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Eighteen months on from the Brexit vote, the UK remains a strong pillar for innovation in the EU. Despite uncertainty about what a breakup may look like, startups are successfully raising capital and a large majority plan to hire. They are, however, concerned about access to talent, cybersecurity and international trade.
Business Conditions |
Public Policy |
Hiring & Talent |
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Given the backdrop of political and economic uncertainty, UK entrepreneurs are notably confident, with 49 percent of leaders saying that business conditions in the coming year will be better. An already confident group of respondents is feeling more optimistic, with fewer than 10 percent predicting that conditions will worsen in 2018.
With Brexit negotiations under way, startups are making preparations. While half say they don’t plan to expand outside Britain, one in four is thinking of establishing a European outpost, up from one in five last year. Fintech businesses in particular are looking to expand to Europe to facilitate passporting.
“Brexit is complicating hiring. We are a global firm with a global team; we need them to be able to travel and relocate easily.”
—Co-founder/CEO, software company, London
Access to talent has become more of a concern over the past year for technology and healthcare businesses. Ongoing Brexit negotiations are causing uncertainty around the future of immigration and international trade, startups say. Cybersecurity and consumer privacy are also growing concerns. New EU regulations designed to protect individual privacy – the General Data Protection Regulation (GDPR) – are scheduled to take effect in late May 2018. The measure has largely been welcomed by the industry, though many startups cite the extra strain on time and budget to comply with the new legislation.
“Lay out a clear path on immigration that keeps the UK open to the sort of technical folks who have made the UK sector such a success.”
—CEO, security software company, Guildford
Note: Respondents could choose up to three responses.
With access to capital getting easier, forecasts for hiring remain robust. Eight in 10 startups plan to expand their workforces in 2018, matching hiring plans of US startups.
Each year for the past six years, Startup Outlook has reported that huge majorities of entrepreneurs find it somewhat challenging or extremely challenging to find workers with the skills needed to grow their businesses. Though respondents say Brexit is complicating hiring, a lack of talent is a bigger, longer-term issue.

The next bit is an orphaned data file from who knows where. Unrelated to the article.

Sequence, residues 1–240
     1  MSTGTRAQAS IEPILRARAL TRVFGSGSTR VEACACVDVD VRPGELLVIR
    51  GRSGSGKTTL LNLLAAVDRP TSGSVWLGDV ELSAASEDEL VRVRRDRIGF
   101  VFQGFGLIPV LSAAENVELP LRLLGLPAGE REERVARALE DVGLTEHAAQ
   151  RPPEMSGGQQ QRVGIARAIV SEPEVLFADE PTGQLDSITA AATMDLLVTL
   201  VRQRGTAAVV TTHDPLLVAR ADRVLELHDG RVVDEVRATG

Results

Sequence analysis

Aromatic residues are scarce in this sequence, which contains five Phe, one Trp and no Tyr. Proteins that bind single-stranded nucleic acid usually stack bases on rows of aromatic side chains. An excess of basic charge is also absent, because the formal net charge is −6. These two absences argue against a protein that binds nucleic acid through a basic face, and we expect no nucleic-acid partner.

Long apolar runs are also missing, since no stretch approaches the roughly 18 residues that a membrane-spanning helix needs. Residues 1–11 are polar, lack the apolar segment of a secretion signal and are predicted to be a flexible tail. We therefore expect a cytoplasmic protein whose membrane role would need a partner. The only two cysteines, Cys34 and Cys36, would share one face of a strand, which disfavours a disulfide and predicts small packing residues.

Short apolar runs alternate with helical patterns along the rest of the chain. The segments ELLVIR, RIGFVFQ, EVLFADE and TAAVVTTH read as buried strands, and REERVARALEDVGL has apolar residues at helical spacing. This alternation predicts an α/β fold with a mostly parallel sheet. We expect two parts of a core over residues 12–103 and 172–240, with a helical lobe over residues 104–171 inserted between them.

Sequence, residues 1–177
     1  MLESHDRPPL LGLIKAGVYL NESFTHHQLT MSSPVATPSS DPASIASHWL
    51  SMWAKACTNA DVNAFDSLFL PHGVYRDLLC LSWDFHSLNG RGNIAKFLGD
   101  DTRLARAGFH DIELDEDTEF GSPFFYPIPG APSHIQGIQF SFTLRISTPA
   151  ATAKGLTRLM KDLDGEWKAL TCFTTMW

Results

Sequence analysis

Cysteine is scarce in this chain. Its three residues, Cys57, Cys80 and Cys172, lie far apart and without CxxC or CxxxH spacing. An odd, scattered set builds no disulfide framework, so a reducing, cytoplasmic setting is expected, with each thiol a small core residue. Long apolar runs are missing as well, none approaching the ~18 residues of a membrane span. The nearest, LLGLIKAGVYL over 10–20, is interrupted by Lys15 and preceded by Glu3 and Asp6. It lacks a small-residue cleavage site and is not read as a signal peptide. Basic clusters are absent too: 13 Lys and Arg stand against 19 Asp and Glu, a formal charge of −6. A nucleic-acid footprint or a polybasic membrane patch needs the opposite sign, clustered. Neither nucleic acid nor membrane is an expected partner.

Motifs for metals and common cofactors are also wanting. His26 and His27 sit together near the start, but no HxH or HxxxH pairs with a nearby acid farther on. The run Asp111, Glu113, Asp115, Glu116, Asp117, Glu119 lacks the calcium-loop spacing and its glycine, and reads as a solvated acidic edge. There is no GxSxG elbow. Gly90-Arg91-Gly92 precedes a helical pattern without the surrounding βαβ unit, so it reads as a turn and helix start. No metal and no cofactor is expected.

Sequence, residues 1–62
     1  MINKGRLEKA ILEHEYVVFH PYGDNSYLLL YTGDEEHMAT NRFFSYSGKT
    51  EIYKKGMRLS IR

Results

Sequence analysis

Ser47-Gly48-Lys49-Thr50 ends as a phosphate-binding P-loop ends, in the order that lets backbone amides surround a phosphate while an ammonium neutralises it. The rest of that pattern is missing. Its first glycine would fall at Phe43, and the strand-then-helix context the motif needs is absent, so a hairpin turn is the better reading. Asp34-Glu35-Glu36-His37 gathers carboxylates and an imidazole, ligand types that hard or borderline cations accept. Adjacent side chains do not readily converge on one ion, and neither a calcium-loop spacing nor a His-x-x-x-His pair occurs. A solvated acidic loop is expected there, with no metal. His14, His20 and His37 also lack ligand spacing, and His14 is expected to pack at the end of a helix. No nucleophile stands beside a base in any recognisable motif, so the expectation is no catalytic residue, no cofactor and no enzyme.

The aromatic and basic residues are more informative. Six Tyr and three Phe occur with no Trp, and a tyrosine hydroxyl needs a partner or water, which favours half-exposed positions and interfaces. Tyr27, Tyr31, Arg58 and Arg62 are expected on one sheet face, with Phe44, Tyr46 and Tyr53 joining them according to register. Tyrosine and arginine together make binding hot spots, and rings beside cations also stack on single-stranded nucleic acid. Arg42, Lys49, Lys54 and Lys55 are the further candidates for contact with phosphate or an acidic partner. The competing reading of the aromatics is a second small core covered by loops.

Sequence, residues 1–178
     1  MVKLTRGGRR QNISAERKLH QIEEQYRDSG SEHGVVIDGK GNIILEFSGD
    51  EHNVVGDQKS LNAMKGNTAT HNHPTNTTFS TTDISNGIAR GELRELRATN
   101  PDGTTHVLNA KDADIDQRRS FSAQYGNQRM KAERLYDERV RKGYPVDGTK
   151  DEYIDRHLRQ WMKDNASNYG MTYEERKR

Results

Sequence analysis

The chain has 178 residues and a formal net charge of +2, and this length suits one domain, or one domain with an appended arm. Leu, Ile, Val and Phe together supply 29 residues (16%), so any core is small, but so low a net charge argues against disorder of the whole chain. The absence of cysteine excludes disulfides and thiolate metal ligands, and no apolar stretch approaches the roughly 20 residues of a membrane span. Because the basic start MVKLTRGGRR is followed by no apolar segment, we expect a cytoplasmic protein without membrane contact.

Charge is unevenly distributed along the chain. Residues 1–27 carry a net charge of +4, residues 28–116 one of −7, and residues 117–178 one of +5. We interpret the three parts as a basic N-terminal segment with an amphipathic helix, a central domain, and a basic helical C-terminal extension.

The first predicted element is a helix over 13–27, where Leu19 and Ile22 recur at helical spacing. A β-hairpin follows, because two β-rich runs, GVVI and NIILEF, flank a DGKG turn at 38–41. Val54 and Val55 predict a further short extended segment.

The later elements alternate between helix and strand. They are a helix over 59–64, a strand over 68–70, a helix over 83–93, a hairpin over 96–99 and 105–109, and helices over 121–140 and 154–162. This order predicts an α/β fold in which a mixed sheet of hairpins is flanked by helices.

“Innovative startups already face huge barriers; the ability to hire great talent should not be one of those. Companies should be able to hire from anywhere in the world with as little friction as possible.”
—CFO, software company, London
In an interesting turn, more UK startups report having women in C-level positions than in prior years. Far fewer have women on their boards of directors. Thirty-eight percent of startups say they have programs in place to increase the number of women in their leadership ranks.
Nearly 80 percent of startups successfully raised capital, and of those 28 percent say the current fundraising environment is not challenging. This is a significant change from the year before, when 19 percent said it was not challenging. The share of those who say it is extremely challenging (11 percent) is about half of what was reported in 2015.
“Government should provide entrepreneurs with better tax breaks for funding support whilst they are building their businesses.”
—Founder/CEO, venture capital company, London
Seventy percent of startups believe that the outlook for fundraising internationally will stay the same or improve in 2018; 30 percent believe that access to international capital will worsen. Since the Brexit vote, the UK hasn’t experienced a negative impact on the number or size of deals. That said, the industry is concerned about a potential funding gap should the European Investment Bank withdraw capital from the UK.
“Replace the European Investment Bank capital with UK funding to maintain the UK's leading position.”
—CEO, fintech company, London
While venture capital remains the go-to funding source by a hefty margin, corporate investors are gaining as a source of funding.
Note: Asked of private companies that successfully raised capital. Other sources of funding include bank debt, IPO, merger, government grants and crowd funding and represented 26% in 2016, 9% in 2017 and 12% in 2018.
Half of startups expect to be acquired, though there is a small bump in the percentage that say going public is a realistic goal. Entrepreneurs say the outlook for acquisitions in 2018 is good.
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